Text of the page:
Sheridan’s best kept secrets — part 3

Home|Opinion|Local Columnists|Sheridan’s best kept secrets — part 3

Of all the themes addressed and stored out-of-sight in the files, drawers, shelves and storage units in the Sheridan County Library’s Wyoming Room complex, probably the most extensive are materials relating to our Indian history. Much of this is included as a part of wider theme collections of past local residents Elsa Spear Byron, Glenn Sweem, Robert A. Murray, Alan Bourne and many others.

Elsa Spear became interested in our area history as a young girl when another outstanding scholar, Vie Willits Garber, became her mentor. Elsa’s involvement continued throughout her long life.

Her materials and photos are extensive in The Wyoming Room and also in the Sheridan County Museum, the Big Horn City Historical Society, the American Heritage Center at University of Wyoming, and elsewhere.

Her early Crow Indian pictures reside at the Museum of the Rockies in Bozeman, Montana.

When serving as Wyoming Room manager, Judy Slack, working with Byron’s daughter, Marilyn, brought in 60 years worth of Byron’s many diaries and other materials. Slack also, along with Michael Dykhorst, initiated the three Miss Indian America reunions held in recent years in Sheridan.

An extensive history of the 32 years of All American Indian Days and Miss Indian American activities are available in the room and include Hila Gilbert’s book “Making Two Worlds One.” Gregory Nickerson’s national prize winning article on All American Indian Days for Montana: The Magazine of Western History is included.

Railroad engineer and local historian Glenn Sweem went to grade school at Lodge Grass with the man who became the last Chief of the Crow Nation, and MC for the AAID events, Dr. Joe Medicine Crow, and they became lifetime friends. One of the cards in the card file simply reads “Glenn Sweem — 4 boxes.”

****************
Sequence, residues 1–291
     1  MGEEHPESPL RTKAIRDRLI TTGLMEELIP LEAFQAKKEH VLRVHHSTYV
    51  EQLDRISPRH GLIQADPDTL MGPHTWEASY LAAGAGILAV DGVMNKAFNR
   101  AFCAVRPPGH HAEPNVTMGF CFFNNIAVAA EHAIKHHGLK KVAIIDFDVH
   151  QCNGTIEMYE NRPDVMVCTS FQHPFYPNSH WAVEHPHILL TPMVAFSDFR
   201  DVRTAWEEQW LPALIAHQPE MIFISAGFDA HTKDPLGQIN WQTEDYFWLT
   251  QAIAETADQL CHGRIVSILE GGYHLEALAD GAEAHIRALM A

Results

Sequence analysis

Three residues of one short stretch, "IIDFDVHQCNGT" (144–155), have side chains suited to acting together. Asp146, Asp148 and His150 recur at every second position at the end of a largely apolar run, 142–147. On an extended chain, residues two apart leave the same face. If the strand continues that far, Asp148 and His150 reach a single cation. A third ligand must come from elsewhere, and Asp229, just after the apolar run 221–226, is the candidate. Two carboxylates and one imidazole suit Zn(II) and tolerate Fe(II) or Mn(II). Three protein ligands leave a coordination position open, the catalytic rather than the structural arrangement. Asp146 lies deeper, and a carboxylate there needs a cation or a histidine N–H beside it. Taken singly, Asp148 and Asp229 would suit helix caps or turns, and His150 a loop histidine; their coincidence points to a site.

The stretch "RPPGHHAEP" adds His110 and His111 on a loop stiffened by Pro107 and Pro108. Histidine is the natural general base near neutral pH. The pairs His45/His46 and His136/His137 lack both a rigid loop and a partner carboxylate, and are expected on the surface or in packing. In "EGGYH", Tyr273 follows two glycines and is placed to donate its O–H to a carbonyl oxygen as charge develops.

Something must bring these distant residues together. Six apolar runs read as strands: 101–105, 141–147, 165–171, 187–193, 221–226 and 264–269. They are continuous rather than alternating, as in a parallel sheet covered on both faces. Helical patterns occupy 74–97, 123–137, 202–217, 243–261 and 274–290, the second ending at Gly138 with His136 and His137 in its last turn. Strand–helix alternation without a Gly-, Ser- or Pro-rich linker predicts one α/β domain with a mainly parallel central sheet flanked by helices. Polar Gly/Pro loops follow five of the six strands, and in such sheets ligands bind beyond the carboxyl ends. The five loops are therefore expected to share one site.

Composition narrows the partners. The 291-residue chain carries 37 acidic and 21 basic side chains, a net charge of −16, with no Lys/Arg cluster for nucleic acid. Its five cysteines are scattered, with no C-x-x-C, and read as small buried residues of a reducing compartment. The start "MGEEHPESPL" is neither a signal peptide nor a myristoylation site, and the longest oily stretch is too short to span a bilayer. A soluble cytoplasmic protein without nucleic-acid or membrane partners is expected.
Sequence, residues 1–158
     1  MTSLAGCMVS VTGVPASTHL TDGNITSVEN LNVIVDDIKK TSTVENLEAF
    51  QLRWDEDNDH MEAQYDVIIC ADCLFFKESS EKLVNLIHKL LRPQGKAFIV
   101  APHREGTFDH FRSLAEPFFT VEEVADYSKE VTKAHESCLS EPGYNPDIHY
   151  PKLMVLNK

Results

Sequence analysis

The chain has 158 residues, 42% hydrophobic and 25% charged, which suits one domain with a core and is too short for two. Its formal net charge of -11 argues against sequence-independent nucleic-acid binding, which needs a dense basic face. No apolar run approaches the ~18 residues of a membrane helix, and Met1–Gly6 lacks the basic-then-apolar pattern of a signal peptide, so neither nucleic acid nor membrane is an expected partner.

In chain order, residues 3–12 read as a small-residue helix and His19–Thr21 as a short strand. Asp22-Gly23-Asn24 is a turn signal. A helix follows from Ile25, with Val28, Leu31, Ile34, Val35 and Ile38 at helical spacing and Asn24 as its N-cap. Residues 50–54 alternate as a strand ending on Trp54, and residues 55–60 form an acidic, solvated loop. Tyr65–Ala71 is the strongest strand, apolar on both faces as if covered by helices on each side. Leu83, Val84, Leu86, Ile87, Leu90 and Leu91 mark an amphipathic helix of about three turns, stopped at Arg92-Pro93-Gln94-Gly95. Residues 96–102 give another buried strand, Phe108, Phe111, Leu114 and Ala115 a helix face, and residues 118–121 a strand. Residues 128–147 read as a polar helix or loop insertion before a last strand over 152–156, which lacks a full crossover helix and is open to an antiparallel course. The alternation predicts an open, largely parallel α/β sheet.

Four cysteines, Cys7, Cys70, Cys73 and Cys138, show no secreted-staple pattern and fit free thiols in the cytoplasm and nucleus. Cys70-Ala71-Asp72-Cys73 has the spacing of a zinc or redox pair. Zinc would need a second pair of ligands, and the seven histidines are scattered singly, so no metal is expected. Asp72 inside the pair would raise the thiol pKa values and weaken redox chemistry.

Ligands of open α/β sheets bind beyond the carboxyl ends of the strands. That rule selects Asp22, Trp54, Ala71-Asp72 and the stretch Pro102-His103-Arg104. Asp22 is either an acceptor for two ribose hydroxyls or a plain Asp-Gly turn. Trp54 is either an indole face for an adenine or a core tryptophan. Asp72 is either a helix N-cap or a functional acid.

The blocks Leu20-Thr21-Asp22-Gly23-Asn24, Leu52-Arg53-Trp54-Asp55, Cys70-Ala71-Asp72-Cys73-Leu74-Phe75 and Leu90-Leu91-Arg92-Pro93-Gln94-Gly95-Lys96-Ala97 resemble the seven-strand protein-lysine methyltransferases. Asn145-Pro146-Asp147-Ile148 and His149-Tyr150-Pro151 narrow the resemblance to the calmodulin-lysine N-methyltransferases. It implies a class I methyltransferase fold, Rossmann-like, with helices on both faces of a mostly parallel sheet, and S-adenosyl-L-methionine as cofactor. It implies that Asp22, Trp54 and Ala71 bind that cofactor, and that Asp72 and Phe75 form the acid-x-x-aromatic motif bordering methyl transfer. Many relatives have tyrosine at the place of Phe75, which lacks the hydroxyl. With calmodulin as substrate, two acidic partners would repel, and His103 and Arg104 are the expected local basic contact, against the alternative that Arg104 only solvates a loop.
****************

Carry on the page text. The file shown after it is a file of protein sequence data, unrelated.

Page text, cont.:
Dr. George Frison is a famous Wyoming archaeologist, whose book “Antiquities includes the stories of the buffalo jumps on Big Goose and Piney Creek. General Henry Carrington’s book The Indian Question and his scrapbook, gifted to the old Carnegie Library here, includes his speech given at the Fetterman Monument when he was here in 1908. The card file includes a report on Indian Treaties, 1778-1883.

In addition to accounts of the Indian Wars, such as Jack McDermott’s 2-vol. “Red Cloud’s War” and “The Six Campaigns of General George Crook,” Crow scholar Mardell Plainfeather’s booklet “The Apsaalooke: Warriors of the Big Horns” and Cheyenne scholar Bill Tallbull’s “We Are the Ancestors of Those Yet to be Born,” there is a huge amount of material regarding Indian cultures. These include materials on Indian sign language, the women and children, teepees — the best movable shelter, philosophies, art and artifacts, athletes, burial customs, ledger drawings, mythology and Alma Snell’s Indian recipes and herbal medicines.

Bozeman Trail scholar Dr. Susan Badger Doyle describes the late Father Barry Hagan’s collection as “probably the largest Bozeman Trail collection in our nation.” Father Hagan, a Jesuit priest, was archivist at the University of Portland, Oregon, and an early member of the Fort Phil Kearny/Bozeman Trail Association Advisory Board. His collection came to the board in l6 large boxes of paper materials and microfilm and was placed on permanent loan to The Wyoming Room. A large card file, prepared by Hagan, sits above the file cabinets.

The Wyoming Room manager Kim Ostermyer tells us the work goes on with re-organization and some material, such as Carl Oslund’s, not yet filed, and new materials to come. These include interviews with Charlie Luxmoore and Sonny Reisch, and Sandy Spang’s account of growing up on the Cheyenne reservation. A 90-minute documentary on the Bozeman Trail is slated to air in March from Wyoming and Montana PBS. It was written and directed by prize-winning documentarian, Tom Manning, of Bozeman who made good use of The Wyoming Room for his research. Copies will be available there, also.

 

Mary Ellen McWilliams serves as an adviser and volunteer for the Sheridan County Historical Society and Museum and the Fort Phil Kearny/Bozeman Trail Association.

 

By |Jan. 11, 2019|

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